fundamental component of the watershed runoff baseflow since it is the
fundamental contributor to the streamflow network within a watershed during
dry periods. As such, the behavior of unconfined groundwater flow is key to
the physically based understanding of the long memory in watershed runoff.
As seen from the numerical applications in Figs. 3 and 5, the powers of
the fractional derivatives in time and space can modulate the speed of the
groundwater discharge evolution. Hence, they can modulate the memory of the
unconfined aquifer flow, which, in turn, can modulate the memory of the
watershed baseflow. Meanwhile, the Caputo derivative, as defined in its
special form

A dimensionally consistent fractional governing equation of transient unconfined aquifer groundwater flow was derived within a fractional differentiation framework. After developing a fractional continuity equation, a previously developed dimensionally consistent equation for water flux in unsaturated/saturated porous media was combined with the Dupuit approximation to obtain an equation for groundwater motion in multi-fractional space in unconfined aquifers. By combining the fractional continuity and motion equations, the governing equation of transient unconfined aquifer groundwater flow in a multi-fractional medium in fractional time was obtained. To demonstrate the skills of the proposed fractional governing equation of unconfined aquifer groundwater flow, two numerical applications were performed. As demonstrated in the numerical application results, the orders of the fractional space and time derivatives modulate the speed of groundwater discharge and groundwater flow evolution, slowing the process with the decrease in the powers of the fractional derivatives from 1. It is also shown that the proposed dimensionally consistent fractional governing equations approach the corresponding conventional equations as the fractional orders of the derivatives go to 1.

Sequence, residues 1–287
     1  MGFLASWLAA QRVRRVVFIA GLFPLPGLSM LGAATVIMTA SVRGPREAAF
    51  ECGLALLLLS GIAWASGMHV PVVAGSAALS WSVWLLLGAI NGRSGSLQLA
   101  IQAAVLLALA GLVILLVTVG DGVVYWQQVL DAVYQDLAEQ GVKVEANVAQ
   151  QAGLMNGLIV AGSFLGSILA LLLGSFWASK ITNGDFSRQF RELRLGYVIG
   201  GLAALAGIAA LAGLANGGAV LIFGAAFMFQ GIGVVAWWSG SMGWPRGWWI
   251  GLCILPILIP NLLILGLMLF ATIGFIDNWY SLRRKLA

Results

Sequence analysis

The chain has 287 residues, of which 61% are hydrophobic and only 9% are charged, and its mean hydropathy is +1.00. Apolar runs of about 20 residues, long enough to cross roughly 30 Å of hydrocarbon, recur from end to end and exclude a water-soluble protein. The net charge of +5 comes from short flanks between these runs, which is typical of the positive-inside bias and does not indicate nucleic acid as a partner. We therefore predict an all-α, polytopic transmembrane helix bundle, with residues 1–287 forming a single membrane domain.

The data used in this article can be accessed by contacting the corresponding author.

One-dimensional time–space fractional groundwater flow in the unconfined
aquifer with no recharge or leakage can be written as

The Caputo fractional time derivative

for

for

MLK wrote the main body of the paper. TT and AE wrote the numerical applications section. MLK, TT, AE, and JP discussed the results and responded to the reviewers.

The authors declare that they have no conflict of interest.

Authors thank the editor Rui A. P. Perdigão and two anonymous referees for their valuable comments and suggestions.

This paper was edited by Rui A. P. Perdigão and reviewed by two anonymous referees.